But yeah, it wouldn’t be bad if I didn’t have this pet peeve as strong as I do.

You? πŸ™‚

Question of the day.

What “old person” things do you do?

My answer:

Sofi says I’m awfully vintage! πŸ˜€ Is that seriously true I have no idea, but also I’ve heard that I’m an old soul so possibly yes, though I’m not sure I myself would put it exactly this way either that I have an old soul, I have that Bibiel part of me and she’s anything but old, and probably that’s why some yet other people, especially those who know me more closely, say I’m childish. Well but I have a bit vintage taste in some things, like baby names for example, though I like a lot of modern names as well and hate a lot of vintage names so I can’t say I’m really a vintage names lover. I like archaic words that are no longer or hardly ever used, I like folklore, and would most happily live some time before 20th century, although the only tricky thing would be that there would be no power, no Internet or anything so I couldn’t read books etc. πŸ˜€ But I’m not sure if that is really “old person” things, I guess not really. I’m sure there are such things that I do, probably even a lot of them, maybe more than I realise, but I can’t think of anything… Yay! I remember something now! I don’t have a smartphone, still! πŸ˜€ How absolutely indignant for a blind person! This may change, and most likely will sooner or later, it’s hard to imagine it not to change, though we’ll see what the results will be. For now, I am happy with my other electronic stuff, and my good old Nokia with Symbian OS which is like 10 years old. I always say that I stick to it because of my loyalty towards Finland (Nokia is Finnish, there’s a place called Nokia in Finland and I believe the company originates from there). πŸ˜€ It has only survived such a long time because really in recent years I hardly use a phone. I had this phone with me at school and kept in touch with my family, and back then it went through lots of weird things, but these days I live with my family, I hardly ever call anyone and hardly anyone calls me, because I hate making phone calls and those who know me well know that it’s faster to reach me via email or something like that and that I much prefer writing. If I need to do something that you can only do from a smartphone, I can do it from my Mum’s Samsung with her help if it’s nothing private. I’ve been really wary of touchscreens because my spatial imagination and orientation are rather poor, whether it’s a large or a small space, and so it’s sort of hard for me to imagine that I would be able to figure out something as abstractive as a touchscreen, and my manual skills and coordination aren’t impressive either. But I’m thinking more and more about getting an Iphone because as I said I’ll most likely have to do it at some point anyway, as it can be difficult for a blind person without a smartphone these days, and Iphone and phones with Android (most phones with Android I guess) are the only ones that have screenreaders that you can use with. Then we will see if I can figure that out and to what degree, and in case if not, I’ll have to think about some alternative then, though it’s hard for me to think what it would be, perhaps getting a used Nokia from someone, the same model as mine, and going next 10 years with it haha.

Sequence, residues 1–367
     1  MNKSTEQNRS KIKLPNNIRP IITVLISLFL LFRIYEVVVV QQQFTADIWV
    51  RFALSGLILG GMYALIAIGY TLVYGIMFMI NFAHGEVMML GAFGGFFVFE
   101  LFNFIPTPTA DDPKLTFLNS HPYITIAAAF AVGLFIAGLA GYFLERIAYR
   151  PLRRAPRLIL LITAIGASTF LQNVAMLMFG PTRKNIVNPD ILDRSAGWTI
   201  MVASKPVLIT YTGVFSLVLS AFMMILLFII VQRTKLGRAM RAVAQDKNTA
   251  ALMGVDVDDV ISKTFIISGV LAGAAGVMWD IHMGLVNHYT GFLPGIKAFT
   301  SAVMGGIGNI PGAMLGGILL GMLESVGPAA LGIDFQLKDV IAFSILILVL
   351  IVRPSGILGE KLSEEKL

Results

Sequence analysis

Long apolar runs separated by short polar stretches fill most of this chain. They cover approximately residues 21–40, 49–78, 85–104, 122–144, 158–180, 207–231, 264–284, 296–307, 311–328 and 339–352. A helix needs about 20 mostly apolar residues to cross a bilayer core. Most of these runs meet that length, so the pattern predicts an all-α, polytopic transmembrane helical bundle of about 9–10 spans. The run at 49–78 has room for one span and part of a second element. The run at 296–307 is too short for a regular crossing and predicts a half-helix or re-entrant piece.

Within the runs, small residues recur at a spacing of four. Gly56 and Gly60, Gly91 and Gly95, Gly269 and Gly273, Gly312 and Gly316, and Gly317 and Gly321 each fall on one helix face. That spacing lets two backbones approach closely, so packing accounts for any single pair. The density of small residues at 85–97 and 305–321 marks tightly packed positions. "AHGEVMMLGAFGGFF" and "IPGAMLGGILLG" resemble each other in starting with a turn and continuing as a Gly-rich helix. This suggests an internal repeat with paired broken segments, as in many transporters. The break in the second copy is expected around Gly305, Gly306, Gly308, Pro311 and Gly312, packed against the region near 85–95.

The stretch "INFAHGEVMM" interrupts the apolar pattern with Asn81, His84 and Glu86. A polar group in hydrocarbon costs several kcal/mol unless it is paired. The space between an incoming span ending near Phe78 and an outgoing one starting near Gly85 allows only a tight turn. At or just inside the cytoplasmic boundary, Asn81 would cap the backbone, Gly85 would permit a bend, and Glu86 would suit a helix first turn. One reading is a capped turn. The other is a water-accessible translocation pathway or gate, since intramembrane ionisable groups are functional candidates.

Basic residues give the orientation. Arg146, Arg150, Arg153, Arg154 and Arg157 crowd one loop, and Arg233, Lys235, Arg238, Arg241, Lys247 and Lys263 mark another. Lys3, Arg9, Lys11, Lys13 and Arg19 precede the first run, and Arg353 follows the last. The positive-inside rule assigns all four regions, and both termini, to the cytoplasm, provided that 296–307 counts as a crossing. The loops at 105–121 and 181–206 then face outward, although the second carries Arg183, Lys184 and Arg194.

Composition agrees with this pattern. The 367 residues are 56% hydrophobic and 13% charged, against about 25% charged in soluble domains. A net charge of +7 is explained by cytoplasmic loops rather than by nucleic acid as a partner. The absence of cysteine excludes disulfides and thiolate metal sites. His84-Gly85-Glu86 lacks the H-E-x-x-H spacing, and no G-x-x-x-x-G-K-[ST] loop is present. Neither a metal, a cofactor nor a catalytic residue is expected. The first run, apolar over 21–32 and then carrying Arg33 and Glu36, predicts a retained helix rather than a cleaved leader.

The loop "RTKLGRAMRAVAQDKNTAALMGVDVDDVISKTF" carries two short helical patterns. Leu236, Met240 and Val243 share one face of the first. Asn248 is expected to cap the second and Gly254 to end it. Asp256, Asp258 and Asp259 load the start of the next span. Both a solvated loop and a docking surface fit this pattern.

How about you? πŸ™‚